Bureau Chief Nadra Rahman is blown along by easy breezes in the Satow Room, as harsh winds, in the form of heated words, have yet to hit CCSC.
Last night’s meeting of CCSC was uncharacteristically peaceful, with many a unanimous vote. The most pressing matter on the agenda was passing proposed, uncontroversial amendments for CCSC bylaws. Side attractions included nominations for various councils and approvals of co-sponsorships.
The changes to CCSC bylaws were just as dry as the original material. VP Finance Adam Resheff proposed adding language that would clarify the proportion of affirmative votes needed in specific situations, which is something that has occasionally flummoxed members. Notably, he wished to amend the section governing closed meetings so that a ⅔ majority would be needed to close a meeting to the press, instead of a simple majority—speaking to the need for accountability to the student body in his statement.
Most contentious (relatively speaking), however, was Resheff’s request to formalize the Question and Answer periods that take place when outside presenters come to CCSC. Resheff proposed that during these Q&As, members of CCSC be able to ask the presenter(s) up to three consecutive questions with no direct responses from other members. Disability Services Rep Aaron Liberman questioned whether such a rule would stifle conversation among council members, but Resheff replied that the Q&A period should be envisioned strictly as an information-gathering session, with discussion to follow afterwards.
Following this, voting took place. While 2021 Rep Ramsay Eyre attempted to amend the motion so that each proposed change would be voted on individually, there was a palpable lack of enthusiasm for such conscientiousness. In the end, all changes were approved in one fell swoop, unanimously. President Jordan Singer declared, “I don’t know in my time here if I’ve seen a unanimous vote on something procedural, but that’s great.”
CCSC Is Not An Island
Next up was appointing interested members of CCSC to other councils—namely, the Travel Fund, Interschool Governing Board (IGB), and Uris Hall Vision Committee. The presence of CCSC representatives on each of these councils will ensure that the (financial) interests of CC students will be looked after with regards to: providing travel funds to student groups in need; interacting with student groups that fall under the jurisdiction of IGB; and thinking through the composition of academic and research space in a revitalized Uris Hall, respectively.
Resheff and USenator Toqa Badran nominated themselves to serve on the Travel Fund, and as they were the only two, received those appointments. And after the position on IGB generated little excitement, Singer stepped up to take on the role as CCSC rep. The only contested appointment was that for the Uris Hall Vision Committee, as many members were interested in helping shape the future of this space; the number sharply decreased after it was revealed that meetings would take place on Mondays from 2 to 4 pm. Ultimately, 2021 Rep Aja Johnson won the position by one vote after a run-off with USenator Danielle Resheff.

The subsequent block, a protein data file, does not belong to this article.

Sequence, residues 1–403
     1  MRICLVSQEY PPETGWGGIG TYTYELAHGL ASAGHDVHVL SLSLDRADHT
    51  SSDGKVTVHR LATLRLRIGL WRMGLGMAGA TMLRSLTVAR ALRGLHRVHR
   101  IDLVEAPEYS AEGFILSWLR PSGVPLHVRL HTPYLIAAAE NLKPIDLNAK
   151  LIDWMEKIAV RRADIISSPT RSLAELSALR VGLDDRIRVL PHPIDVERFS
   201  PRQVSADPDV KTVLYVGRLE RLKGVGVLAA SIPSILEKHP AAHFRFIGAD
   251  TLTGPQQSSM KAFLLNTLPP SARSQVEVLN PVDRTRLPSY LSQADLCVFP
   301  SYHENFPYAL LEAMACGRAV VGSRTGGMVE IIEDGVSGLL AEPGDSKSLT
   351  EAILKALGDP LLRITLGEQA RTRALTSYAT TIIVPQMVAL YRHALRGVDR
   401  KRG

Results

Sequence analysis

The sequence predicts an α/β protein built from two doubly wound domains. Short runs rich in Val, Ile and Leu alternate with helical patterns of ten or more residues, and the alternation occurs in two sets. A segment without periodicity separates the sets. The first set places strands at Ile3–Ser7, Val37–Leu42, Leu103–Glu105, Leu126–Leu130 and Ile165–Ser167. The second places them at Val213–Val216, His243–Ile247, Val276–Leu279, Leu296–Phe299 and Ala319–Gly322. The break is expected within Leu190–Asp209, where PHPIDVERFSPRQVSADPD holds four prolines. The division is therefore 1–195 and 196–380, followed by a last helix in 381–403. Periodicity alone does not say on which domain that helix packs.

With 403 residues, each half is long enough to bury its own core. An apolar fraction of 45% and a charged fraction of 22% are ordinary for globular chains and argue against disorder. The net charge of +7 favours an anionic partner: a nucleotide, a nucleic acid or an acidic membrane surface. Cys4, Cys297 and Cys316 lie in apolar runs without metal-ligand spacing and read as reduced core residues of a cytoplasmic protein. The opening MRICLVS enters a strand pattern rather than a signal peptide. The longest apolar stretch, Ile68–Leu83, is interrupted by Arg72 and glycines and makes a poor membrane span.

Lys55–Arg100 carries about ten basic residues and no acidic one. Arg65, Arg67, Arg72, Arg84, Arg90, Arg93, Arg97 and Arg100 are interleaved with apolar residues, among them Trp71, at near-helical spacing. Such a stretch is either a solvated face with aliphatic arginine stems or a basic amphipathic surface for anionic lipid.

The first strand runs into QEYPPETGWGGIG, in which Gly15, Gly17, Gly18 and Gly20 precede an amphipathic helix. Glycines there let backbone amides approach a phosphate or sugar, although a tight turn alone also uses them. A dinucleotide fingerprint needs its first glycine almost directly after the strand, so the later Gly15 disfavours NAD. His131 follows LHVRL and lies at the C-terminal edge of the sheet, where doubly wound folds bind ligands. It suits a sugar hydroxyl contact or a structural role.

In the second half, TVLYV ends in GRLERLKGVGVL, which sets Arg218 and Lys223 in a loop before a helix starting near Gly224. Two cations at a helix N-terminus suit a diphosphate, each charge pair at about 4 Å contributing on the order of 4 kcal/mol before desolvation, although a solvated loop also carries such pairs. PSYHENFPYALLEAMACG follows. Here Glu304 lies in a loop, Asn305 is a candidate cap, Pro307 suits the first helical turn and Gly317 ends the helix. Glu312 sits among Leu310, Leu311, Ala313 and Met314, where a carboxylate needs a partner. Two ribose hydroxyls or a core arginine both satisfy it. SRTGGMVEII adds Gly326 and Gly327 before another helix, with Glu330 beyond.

With little discussion, CCSC went on to approve co-sponsorships for two upcoming events: The Chinese Student Council’s Night Market (taking place on Friday, October 12 from 6 to 10 pm on Low Plaza), and Columbia Science Review’s Sprint for Science Run (taking place Sunday, September 30, from 8 to 10 am in Riverside Park).
- Student Services: After meeting with administrators, Rep Henry Feldman reported on new fire alarm procedures in EC that will ensure the alarm only goes off after verification of its validity by Public Safety guards put on watch. As a result, it was “now more important than ever” to respond to alarms. Further, he said that the third party in charge of fixing the persistent mold problem has received good feedback, adding that some residents had been provided dehumidifiers by Housing.
- Disability Services: Liberman announced the upcoming launch of a support group for students with chronic illnesses, which in addition to providing community and information on accessing resources, will plan events on raising awareness of chronic illness on campus. Recruitment for leadership will begin soon.
- Finance: Student groups will soon receive surveys that will allow Council to gauge their inclusivity and openness, in line with last year’s big push for open student groups. First years will also receive surveys on their experience so far with joining clubs.
- Communications: VP Isabella Lajara compiled a list of resources for students and student groups to communicate with CCSC, including a: Student Nomination Form, Student Events Highlight Form, Individual Student Input Form, and Student Group Meeting Form.
- USenate: Badran mentioned there are vague plans to produce a “smaller-scale Bacchanal” for the fall semester, forgetting for a moment that the meeting was not closed. USenator Alfredo Dominguez also let the body know that at the next Senate plenary, representatives will introduce language to new regulations on TA-student interactions that would allow undergrad TAs to have relationships with students they do not teach.